Part ordering gamble

I have for a very long time wanted to build in the sort of 'scanning' you see in sci-fi movies to our LARP events as an actual working piece of tech. As the majority of our events occur outdoors the obvious answer is GPS. So I've made a gamble and bought forty GPS modules that came up just cheap enough to justify it to myself.

More so than other modules, cheap GPS modules seem to appear, disappear, then a few months later something similar but different appears on the market. I had identified some I wanted for this project a while back but then they disappeared and as I want to make a compact wearable with a 3D printed case, changing modules is non-trivial.

These super-compact modules look just the ticket and ordering them is an attempt to force my hand into making progress on this. The plan is that most things I build which are connected to the mesh network will have a GPS module. I did this a long time ago with the 'magic compass' but doing it at scale opens up the possibility of making something like the 'motion tracker' seen in Aliens etc.

Tasmota temperature sensors

I've been doing a little home automation with Home Assistant recently and this involved putting temperature sensors in every room. I started out with some ugly stripboard SHT11 based things but they were unreliable and inaccurate.

During a Banggood sale I managed to pick up some Wemos 'shields' with an SHT30 temperature/humidity sensor so I converted all my sensors over to these. Tidier but still a bare circuit board with power LEDs lighting the room at night.

I fiddled around in OpenSCAD and came up with a fairly decent 3D printed enclosure and now have eight sensors dotted around my house, including the shed. This design leaves the SHT30 sticking out in free air with a 'baffle' to separate it from the rest of the device. Even so the temperature readings are massively effected by heat soak from the ESP8266 and quite inefficient LDO on the board. I've now put this on Thingiverse.

To fix the heat soak you need to connect D0 to RST on the D1 mini with a short piece of wire and enable deep sleep so they draw (and waste) much less power. In Tasmota this needs two console commands...

TelePeriod 10
DeepSleepTime 300

...the 'TelePeriod' means it sends data 10s after connecting to WiFi and 'DeepSleepTime' means it sleeps until the next five minute interval on the clock. If you're copying this example don't issue the commands until you're happy with the Tasmota configuration. The short wake time makes it a pain to issue changes later.

Now they send decent sensor readings, reliably.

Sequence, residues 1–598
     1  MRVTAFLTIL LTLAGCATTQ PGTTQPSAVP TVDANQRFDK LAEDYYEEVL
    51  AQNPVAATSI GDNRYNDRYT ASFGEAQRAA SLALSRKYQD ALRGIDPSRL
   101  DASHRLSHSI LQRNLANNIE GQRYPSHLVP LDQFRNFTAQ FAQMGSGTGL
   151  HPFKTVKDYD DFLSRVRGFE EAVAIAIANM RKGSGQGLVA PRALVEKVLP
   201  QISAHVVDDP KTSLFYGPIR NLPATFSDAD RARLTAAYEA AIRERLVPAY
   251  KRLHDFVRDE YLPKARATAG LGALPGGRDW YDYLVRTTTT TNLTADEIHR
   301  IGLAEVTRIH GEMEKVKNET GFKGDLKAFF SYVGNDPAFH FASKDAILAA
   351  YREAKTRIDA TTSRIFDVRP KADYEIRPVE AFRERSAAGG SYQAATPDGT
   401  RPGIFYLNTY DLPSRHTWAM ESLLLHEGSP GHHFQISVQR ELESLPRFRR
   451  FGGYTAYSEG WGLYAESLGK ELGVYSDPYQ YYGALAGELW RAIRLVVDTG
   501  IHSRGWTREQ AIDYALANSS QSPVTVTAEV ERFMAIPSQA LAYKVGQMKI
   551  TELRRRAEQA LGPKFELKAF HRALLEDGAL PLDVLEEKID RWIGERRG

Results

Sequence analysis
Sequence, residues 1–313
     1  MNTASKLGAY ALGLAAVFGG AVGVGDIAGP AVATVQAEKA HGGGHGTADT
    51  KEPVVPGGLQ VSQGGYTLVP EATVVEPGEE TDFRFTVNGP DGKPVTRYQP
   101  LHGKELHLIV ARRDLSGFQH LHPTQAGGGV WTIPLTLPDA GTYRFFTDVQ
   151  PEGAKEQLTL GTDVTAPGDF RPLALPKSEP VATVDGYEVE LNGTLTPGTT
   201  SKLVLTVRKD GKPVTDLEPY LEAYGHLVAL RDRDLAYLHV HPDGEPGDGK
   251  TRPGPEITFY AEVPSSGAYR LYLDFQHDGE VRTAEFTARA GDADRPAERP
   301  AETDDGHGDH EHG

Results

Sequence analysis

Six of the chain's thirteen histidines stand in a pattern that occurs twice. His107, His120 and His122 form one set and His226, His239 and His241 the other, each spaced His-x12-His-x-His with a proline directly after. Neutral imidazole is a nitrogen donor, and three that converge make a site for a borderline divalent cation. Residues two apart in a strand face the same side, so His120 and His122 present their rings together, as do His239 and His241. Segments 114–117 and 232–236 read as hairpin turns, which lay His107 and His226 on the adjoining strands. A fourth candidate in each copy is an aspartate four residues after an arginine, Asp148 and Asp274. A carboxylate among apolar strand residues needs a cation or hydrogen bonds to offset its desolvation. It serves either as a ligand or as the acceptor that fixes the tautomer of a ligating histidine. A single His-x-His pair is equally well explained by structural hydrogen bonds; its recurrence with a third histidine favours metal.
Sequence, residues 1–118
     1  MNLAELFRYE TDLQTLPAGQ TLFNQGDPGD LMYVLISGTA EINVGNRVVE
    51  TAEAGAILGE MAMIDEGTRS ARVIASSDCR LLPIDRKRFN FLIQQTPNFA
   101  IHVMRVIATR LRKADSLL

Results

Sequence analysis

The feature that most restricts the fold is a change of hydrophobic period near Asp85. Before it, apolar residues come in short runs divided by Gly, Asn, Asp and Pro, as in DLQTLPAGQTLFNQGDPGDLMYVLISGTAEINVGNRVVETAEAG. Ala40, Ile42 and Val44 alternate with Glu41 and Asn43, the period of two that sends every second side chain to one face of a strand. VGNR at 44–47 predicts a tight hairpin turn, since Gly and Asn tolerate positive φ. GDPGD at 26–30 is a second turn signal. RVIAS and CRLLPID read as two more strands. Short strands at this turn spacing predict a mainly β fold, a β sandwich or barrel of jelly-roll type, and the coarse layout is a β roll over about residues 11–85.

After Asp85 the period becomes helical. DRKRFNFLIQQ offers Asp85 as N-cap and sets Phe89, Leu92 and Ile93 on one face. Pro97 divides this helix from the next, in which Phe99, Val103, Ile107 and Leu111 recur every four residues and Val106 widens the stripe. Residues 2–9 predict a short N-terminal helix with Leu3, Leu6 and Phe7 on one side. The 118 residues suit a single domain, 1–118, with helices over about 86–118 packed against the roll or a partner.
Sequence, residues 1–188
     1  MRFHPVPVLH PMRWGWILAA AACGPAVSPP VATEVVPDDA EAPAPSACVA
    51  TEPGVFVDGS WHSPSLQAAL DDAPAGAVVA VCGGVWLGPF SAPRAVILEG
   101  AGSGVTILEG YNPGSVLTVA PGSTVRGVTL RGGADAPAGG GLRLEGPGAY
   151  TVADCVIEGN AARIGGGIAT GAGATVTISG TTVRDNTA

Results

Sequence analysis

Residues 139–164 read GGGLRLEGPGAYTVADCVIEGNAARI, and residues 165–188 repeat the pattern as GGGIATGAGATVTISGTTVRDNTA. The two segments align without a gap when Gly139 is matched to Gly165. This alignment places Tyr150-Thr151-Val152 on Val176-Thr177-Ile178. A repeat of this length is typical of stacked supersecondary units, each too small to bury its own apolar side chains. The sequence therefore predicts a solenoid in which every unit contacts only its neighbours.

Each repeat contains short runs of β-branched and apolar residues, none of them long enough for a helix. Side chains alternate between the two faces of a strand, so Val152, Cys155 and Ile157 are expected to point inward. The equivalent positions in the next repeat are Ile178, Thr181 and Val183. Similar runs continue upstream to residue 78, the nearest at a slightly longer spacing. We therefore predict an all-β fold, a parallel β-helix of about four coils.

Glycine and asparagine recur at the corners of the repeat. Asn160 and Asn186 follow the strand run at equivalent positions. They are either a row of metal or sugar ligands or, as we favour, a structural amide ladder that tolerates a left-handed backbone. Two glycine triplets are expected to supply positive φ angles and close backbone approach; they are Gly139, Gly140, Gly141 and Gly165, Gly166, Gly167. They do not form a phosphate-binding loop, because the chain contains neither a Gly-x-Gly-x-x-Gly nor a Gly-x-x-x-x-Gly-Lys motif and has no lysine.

Solar charging ESP-Now BATMAN prototype 2

After over two weeks continuous running my first prototype of the solar charged prototype proved itself with a 2W panel. So I spent a chunk of time designing the next iteration in EasyEDA and ordered five PCBs from JLCPCB in China.

I've taken a small gamble with this design as I haven't built it on breadboard first and have added a number of new features.
  • Thermal protection for the 18650 cells, a feature available but omitted from the MCP73871 evaluation board. They will now only charge in temperatures of 0-50C, which is a default safe option. I don't feel this will kick in often in the UK except perhaps on a very sunny but cold morning however to omit this feature would be slightly negligent.
  • Replacement of the INA219 current monitors with a simple resistor ladder to measure supply voltage after the charge controller with the ESP8285.
  • Connection of the MCP73871 status pins to the ESP8285 rather than indicator LEDs.
  • A microSD socket for optional file storage.
This is quite a simple project compared to the people making their own small board computers or things based on FPGAs but it's only my second ever manufactured PCB. All the pins on the ESP8285 board are in use, although in principle IO0 which has a button attached for putting it into programming mode could be doubled up with for something else so long as it defaulted to a pullup.

Instead of going straight to the final run of boards I'd like to test these five before ordering more. I made absolutely no effort to keep it compact so even if no changes are needed I'll still move things around and tidy it up before the final order.

Once these arrive I'm hoping the extra efficiency of the PAM2301 regulator will make a 1W panel viable in the UK but if not, 2W panels aren't overly huge.

Solar panel doubling

 A bit of data logging showed a single 1W panel useful for supplementing battery power to my mesh network node, but not really enough to charge it meaningfully at the same time. My garden is south facing and the house blocks direct sun lots of the day so it was only the few hours where the panel was in strong direct sun that the result was acceptable. For something that spends a lot of the time asleep this would be reasonable but as I want each node to run for all the waking hours then I need it to do better. I did get 52 hours of runtime, which is technically enough for my needs if I fit two 18650s in the node, but I still don't like the thought of it running down constantly with only a tiny amount of headroom.

The data also shows the regulator board I took out of a drawer is an LDO, not a buck converter, so it's 60% efficient a lot of the time. I will make a pin compatible replacement with the converter I specified for the final boards and that should be a big help.

I've now set up two 1W panels in parallel to make an effective 2W panel. Only a few hours later it's clear this makes a massive difference as they spend lots of time charging the cell rather than just 'treading water'. I'll leave the test to run until the battery protection kicks in at 3.5V but it looks like 2W panels really are what's needed even if I were to replace the LDO. There are some really quite affordable 2W 5.5V cells on Banggood, so going up in size isn't a big deal.

Solar charger data logging

 After a little fiddling around today I had software on ESP8285 node so I can keep track of the battery use and how well the MCP73871 manages things.

Working at my desk it seems to seamlessly charge then swap over to battery if needed, but more importantly if there's roughly 0.5W charging capacity, which is what I'm expecting from the solar panels I have, available it'll run the ESP8285 and use excess to top up the single 18650 I've fitted for now. This is exactly what I was hoping for from the chip, but what's not clear yet is how well it works around dawn and dusk. Playing around with my bench PSU would give me some idea but with solar cells varying voltage under load I've just gone straight for a practical test.